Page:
Yesterday was the day, and we went to the 2pm matinee show. The show lasted and hour and a half, and was mesmerizing both for us and for the girls. To say that the show was about beating on trash cans would hardly do it justice. A cast of eight performers used every imaginable household item to create an amazing sound experience. The list of items used, among other things, included brooms, dust pans and brushes, trash cans and lids, paint cans, lighters, paper bags, cups, plumbing supplies, newspapers, pots, pans, and quite literally the kitchen sink.

Interwoven throughout the show was a very effective interaction with the audience. The cast never spoke, but managed to engage the audience in some periodic clap-along segments, and there was a bunch of running non-verbal jokes that made this more than just a percussion concert.

This was just what we hoped it would be; a very fun experience for the kids and also a good example that there is an immense range of different talents out there in the world.

This show is well worth seeing for anyone, and is excellent for kids.

French Hundred Years War Army

I finished flocking the last few stands of my French army (something which I really dislike doing), and took pictures of the collection. All pictures have been added to my Hundred Years War Gallery page. The picture below has skirmishers and crossbows in the front rank, heavy spearmen, militia and light infantry in the second rank, dismounted knights in the third rank, and mounted knights and leaders in the back rank. The Gallery has pictures of each troop type.
French Hundred Years War army

This doesn't mean I don't have more unpainted lead lying around for this army, or have no future plans to add to it, but at least as of this moment there is nothing left in a half-done state. Everything is either unpainted, or completely painted, flocked and finished.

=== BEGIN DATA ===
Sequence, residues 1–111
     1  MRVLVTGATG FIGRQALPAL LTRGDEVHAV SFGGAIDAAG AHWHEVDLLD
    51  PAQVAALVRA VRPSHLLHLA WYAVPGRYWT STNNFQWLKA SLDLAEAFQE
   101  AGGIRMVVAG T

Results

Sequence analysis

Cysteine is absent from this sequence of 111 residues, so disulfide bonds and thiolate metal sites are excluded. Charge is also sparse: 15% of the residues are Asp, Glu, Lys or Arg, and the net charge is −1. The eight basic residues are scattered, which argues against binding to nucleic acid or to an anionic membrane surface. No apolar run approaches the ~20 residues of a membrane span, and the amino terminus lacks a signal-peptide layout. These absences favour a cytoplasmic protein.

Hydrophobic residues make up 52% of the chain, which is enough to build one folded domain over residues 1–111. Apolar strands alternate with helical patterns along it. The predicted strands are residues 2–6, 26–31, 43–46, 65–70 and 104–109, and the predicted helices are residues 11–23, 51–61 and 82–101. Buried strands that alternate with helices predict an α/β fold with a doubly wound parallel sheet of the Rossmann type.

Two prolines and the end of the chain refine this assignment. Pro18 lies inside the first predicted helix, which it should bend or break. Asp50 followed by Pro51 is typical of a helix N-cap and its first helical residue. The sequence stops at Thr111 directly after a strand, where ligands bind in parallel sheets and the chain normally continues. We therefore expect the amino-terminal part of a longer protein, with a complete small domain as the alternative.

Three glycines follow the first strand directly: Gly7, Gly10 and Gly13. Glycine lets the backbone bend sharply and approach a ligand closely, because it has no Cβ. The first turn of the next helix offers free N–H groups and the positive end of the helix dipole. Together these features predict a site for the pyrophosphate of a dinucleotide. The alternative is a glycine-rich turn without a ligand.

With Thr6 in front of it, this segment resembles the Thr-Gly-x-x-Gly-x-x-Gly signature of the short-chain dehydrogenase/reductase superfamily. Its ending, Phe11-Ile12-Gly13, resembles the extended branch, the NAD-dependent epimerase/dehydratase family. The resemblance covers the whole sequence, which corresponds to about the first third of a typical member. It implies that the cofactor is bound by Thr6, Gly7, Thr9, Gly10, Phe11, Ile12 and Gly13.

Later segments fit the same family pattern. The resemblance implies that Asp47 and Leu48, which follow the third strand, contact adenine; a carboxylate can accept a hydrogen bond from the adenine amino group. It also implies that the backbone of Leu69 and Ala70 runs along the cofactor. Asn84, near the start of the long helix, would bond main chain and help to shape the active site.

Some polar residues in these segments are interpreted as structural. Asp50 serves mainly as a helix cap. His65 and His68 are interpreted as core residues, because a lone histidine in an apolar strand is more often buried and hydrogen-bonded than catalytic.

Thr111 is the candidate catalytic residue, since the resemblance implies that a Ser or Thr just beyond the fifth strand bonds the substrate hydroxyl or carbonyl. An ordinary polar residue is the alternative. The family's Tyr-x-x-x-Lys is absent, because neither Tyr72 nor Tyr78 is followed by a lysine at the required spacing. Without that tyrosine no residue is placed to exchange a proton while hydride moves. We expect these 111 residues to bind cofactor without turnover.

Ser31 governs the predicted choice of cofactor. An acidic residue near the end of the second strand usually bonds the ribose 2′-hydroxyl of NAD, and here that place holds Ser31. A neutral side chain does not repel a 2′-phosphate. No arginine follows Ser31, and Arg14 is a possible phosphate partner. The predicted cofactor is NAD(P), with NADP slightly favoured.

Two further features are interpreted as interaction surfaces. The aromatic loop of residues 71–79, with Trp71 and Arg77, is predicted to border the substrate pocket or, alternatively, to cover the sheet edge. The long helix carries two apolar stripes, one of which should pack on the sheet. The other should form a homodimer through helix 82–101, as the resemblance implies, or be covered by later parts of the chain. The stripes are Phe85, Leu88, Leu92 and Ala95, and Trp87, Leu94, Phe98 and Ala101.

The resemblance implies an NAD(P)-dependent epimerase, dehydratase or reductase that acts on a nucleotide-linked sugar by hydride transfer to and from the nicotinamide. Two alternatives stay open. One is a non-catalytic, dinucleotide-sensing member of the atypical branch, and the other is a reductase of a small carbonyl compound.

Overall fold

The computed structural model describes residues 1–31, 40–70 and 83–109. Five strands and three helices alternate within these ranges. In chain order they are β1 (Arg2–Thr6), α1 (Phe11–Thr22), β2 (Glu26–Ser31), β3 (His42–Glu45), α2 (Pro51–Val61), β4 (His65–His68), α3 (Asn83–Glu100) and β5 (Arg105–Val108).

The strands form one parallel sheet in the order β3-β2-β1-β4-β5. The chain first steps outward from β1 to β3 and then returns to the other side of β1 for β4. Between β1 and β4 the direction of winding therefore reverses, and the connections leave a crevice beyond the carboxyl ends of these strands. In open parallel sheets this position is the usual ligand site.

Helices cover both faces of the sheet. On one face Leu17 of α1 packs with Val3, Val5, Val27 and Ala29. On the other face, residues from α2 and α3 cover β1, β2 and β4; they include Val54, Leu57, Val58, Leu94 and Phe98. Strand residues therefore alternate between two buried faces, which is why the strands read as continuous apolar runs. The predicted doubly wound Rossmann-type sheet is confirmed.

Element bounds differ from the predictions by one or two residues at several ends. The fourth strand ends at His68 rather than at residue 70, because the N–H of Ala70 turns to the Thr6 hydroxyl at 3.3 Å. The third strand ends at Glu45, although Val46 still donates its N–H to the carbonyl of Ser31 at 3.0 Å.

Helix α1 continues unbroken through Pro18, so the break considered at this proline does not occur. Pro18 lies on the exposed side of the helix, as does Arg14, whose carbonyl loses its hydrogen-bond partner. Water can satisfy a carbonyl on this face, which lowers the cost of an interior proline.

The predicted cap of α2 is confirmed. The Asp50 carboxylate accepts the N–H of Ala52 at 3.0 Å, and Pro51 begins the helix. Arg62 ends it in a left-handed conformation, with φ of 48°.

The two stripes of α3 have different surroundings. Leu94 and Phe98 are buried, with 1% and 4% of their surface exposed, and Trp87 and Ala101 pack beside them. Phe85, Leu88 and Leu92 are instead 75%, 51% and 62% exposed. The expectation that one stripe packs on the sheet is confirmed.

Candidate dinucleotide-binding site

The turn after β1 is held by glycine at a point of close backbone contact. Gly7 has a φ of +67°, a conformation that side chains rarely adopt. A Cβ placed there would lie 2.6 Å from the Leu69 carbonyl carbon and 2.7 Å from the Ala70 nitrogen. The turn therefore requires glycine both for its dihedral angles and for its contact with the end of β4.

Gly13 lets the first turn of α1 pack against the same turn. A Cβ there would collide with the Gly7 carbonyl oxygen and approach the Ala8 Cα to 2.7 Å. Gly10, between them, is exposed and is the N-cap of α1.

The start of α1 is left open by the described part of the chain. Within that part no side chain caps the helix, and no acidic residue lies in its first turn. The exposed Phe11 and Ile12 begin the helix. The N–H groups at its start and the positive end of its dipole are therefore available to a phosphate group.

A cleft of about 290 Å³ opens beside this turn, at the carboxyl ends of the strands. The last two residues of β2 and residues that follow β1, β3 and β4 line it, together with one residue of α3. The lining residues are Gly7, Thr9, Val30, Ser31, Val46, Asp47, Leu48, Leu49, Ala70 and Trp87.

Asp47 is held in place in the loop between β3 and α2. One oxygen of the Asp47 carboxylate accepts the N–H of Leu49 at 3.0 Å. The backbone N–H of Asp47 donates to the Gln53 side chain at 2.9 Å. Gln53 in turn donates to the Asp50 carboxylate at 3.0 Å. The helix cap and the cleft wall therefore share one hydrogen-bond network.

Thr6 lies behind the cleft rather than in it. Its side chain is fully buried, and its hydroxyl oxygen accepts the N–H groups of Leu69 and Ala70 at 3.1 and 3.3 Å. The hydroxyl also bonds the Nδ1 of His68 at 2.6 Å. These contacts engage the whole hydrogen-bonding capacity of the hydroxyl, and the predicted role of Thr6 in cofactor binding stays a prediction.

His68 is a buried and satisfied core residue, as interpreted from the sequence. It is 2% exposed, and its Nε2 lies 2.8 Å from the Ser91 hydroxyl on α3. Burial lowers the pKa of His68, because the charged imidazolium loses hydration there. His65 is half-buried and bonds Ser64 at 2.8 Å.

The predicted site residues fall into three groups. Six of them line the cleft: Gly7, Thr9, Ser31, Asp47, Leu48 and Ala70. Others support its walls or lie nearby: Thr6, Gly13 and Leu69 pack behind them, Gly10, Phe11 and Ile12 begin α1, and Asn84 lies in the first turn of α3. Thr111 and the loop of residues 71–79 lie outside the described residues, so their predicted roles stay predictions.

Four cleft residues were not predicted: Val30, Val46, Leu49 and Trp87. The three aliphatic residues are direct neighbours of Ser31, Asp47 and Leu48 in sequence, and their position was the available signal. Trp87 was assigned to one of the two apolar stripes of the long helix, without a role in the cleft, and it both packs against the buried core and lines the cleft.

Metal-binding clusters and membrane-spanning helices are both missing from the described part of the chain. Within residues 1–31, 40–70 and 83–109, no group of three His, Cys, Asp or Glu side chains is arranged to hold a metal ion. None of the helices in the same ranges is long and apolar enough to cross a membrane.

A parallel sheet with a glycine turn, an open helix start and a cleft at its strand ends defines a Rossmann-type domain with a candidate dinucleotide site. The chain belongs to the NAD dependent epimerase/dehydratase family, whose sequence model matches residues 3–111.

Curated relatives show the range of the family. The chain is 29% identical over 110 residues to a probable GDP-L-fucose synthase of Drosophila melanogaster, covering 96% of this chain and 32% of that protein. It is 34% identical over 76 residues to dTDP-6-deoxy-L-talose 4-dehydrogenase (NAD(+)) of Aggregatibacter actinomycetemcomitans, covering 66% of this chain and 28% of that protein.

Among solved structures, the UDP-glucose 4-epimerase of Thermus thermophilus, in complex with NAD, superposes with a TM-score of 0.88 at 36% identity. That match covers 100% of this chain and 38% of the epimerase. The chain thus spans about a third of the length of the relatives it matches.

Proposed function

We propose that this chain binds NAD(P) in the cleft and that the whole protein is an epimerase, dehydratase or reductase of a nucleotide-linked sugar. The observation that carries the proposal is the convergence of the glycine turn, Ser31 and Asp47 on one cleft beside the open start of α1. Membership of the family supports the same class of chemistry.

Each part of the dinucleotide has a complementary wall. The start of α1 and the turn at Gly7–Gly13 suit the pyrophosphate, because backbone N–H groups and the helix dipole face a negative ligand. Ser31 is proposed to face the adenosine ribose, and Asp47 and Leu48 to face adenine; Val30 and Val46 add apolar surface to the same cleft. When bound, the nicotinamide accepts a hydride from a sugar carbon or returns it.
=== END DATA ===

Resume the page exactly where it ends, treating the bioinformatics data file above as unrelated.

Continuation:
Dauphin Charles - fun with heraldry...

I have started looking at my English army, and realize that I have even more unfinished/unflocked bases than I thought. Ugh. Maybe I'll do something else.

Saturday, February 22, 2014

Painting Table Saturday - Feb 22 - French HYW Knights

French foot knights with cut-down lances
Rather than start something new this week, I have taken a lesson from the process of cataloging and updating (where necessary) my early medieval collection and have decided to do the same for my Hundred Years War figures. I am starting with the French, knowing that they are closer to being finished than the English....

Step one is to unpack everything and lay it out on the table so that I can remember what I have, and what still needs to be done.

Other than thinking that I could use a few more units of various troop types, I am in pretty good shape as far as the French go. Regarding the troops I have, only some of the dismounted knights are not what could be considered finished. There are maybe twenty stands that need to have their base edges painted, and seven bases that need to be flocked. In addition to that, there are 8-10 stands that could use some painting touch-ups, mainly to repaint some plain brown cut-down lances in brighter colors.
French muster in progress...

As I am writing this Saturday evening, all base edges have been painted, lances repainted, and all that remains is to flock those last few bases. I should have no problem getting that done tomorrow, and then I can begin the English, which require more work (the main issue with the English is that a bunch of these figures were painted in Sri Lanka and then based, but the bases were never finished or flocked - I hate flocking...).

Progress was modest today because the family went to see a matinee of Stomp in Wilmington at the DuPont Theater, which was fantastic, and will be the subject of another post...

Friday, February 21, 2014

Knightly Reinforcements

I had some time over the last couple of nights to finish the basing on this batch of refurbished knights, and to add lance pennons to the new lancers.
German knights

As I look at this picture (as usual) I see that I need to do a little final cleanup on the pennons, but other than that it is nice to see that these sub-par old figures have been given a new lease on life and can proudly form up beside their newer brethren.

Next up on the painting table...I honestly have no idea.